Why didn't you go for a portion of his pension if you're entitled to it? Seems silly to take less than what you should receive.

CrispyCrackers Mon 09-Apr-18 21:37:44

Have you had proper legal advice. His parents giving him money is nothing to do with you now but you should make sure everything else (pensions etc) has been distributed fairly.

SpringSnowdrop Mon 09-Apr-18 21:39:38

I agree with oldhag and am sorry OP it’s so hard. I would feel sad too, though I think it’s important not to let it show in case your DC feel any resentment. No one else can fill the important position you have as their mum and wherever they live you will be that same very special person, but I’m so sorry.

If it helps could you think of special things you could do together , or a holiday you’d like with them etc. Or talk to them about decorating your new home and anyway they’d like it decorated etc?

fuddle Tue 10-Apr-18 08:58:37

Thanks for your kindness. I will take on yr advice and I've realised I'll still get to see them and enjoy them. Its just takes a while to adjust to these things. I have to look on the positives.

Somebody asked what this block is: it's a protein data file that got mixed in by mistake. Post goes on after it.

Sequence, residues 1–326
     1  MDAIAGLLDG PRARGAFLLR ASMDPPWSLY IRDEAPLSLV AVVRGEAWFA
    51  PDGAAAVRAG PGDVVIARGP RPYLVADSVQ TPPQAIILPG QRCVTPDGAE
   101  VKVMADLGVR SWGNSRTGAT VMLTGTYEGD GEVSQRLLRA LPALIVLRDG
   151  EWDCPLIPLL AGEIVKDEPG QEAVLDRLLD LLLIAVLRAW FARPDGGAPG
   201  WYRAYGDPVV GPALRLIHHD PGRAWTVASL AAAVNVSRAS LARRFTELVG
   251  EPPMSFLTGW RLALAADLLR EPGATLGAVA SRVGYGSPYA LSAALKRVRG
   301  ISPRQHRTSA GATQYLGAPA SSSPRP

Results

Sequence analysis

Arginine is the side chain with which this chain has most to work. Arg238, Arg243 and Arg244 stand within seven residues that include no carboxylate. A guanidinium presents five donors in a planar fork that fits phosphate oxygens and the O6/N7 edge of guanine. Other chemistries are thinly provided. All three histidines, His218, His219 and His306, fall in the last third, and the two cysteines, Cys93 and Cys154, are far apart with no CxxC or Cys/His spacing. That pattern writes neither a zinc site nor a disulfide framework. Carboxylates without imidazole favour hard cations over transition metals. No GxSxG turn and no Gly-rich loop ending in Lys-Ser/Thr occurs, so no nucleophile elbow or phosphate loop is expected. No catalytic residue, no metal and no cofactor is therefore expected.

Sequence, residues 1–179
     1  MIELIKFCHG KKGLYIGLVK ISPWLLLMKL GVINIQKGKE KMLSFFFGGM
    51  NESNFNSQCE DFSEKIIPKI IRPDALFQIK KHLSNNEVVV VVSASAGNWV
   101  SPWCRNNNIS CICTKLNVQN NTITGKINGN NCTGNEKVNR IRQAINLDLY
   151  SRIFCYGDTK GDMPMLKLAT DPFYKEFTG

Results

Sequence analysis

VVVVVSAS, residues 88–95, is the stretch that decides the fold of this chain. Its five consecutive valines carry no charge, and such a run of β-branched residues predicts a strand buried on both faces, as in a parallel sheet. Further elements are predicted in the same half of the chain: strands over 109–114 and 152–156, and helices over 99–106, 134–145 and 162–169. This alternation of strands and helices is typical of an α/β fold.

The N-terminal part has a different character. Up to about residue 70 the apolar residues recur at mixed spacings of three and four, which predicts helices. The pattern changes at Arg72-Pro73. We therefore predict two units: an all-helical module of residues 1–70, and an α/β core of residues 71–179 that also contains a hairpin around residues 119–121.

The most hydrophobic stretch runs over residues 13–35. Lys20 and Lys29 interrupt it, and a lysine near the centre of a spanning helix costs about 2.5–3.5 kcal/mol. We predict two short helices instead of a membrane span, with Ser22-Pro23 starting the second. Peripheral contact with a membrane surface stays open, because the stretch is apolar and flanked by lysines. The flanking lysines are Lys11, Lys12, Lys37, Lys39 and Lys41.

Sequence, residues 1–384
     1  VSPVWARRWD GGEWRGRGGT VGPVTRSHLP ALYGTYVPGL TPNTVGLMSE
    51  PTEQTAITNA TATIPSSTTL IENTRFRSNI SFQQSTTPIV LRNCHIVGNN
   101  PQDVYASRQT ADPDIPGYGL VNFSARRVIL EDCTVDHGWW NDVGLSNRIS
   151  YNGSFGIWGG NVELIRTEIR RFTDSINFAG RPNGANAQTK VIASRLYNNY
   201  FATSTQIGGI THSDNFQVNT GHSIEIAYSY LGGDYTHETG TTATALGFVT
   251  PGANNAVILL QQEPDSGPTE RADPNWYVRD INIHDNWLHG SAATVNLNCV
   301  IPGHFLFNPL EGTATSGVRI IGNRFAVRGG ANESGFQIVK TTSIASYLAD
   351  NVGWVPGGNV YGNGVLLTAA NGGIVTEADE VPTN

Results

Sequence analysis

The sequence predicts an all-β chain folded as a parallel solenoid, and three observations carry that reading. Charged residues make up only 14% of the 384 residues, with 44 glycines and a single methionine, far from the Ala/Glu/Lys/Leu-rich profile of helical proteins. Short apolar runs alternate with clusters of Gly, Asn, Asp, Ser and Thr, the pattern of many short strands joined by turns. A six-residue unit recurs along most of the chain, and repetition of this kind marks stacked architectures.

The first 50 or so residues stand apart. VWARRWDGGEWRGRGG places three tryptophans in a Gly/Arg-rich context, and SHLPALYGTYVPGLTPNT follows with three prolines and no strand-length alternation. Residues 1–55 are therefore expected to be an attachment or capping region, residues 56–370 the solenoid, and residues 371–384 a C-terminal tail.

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PinkbicyclesinBerlin Tue 10-Apr-18 09:03:01

OP the kids will continuously make different decisions as time passes. My mate had this, in spite of her DH having an affair he managed to come out as the wronged party in her kids eyes for a while but she just stuck with it and let them find their own equilibrium. Now they are with her. Keep your chin up they are still your children no matter what, that never changes.

OldHag1 Thu 12-Apr-18 09:52:04

I am in a similar position.. my ex was rubbish with money and has run up a lot of debts whilst we were together. His parents are well off and continue to bail him out. He will get a huge inheritance when they pop their clogs but is busy spending it now.

Do you have boys?

greenberet Thu 19-Apr-18 16:24:37

I get where you're coming from op - I had a divorce from hell and due to being shafted by solicitors and x can only afford to buy something ok if I move over 200 miles away.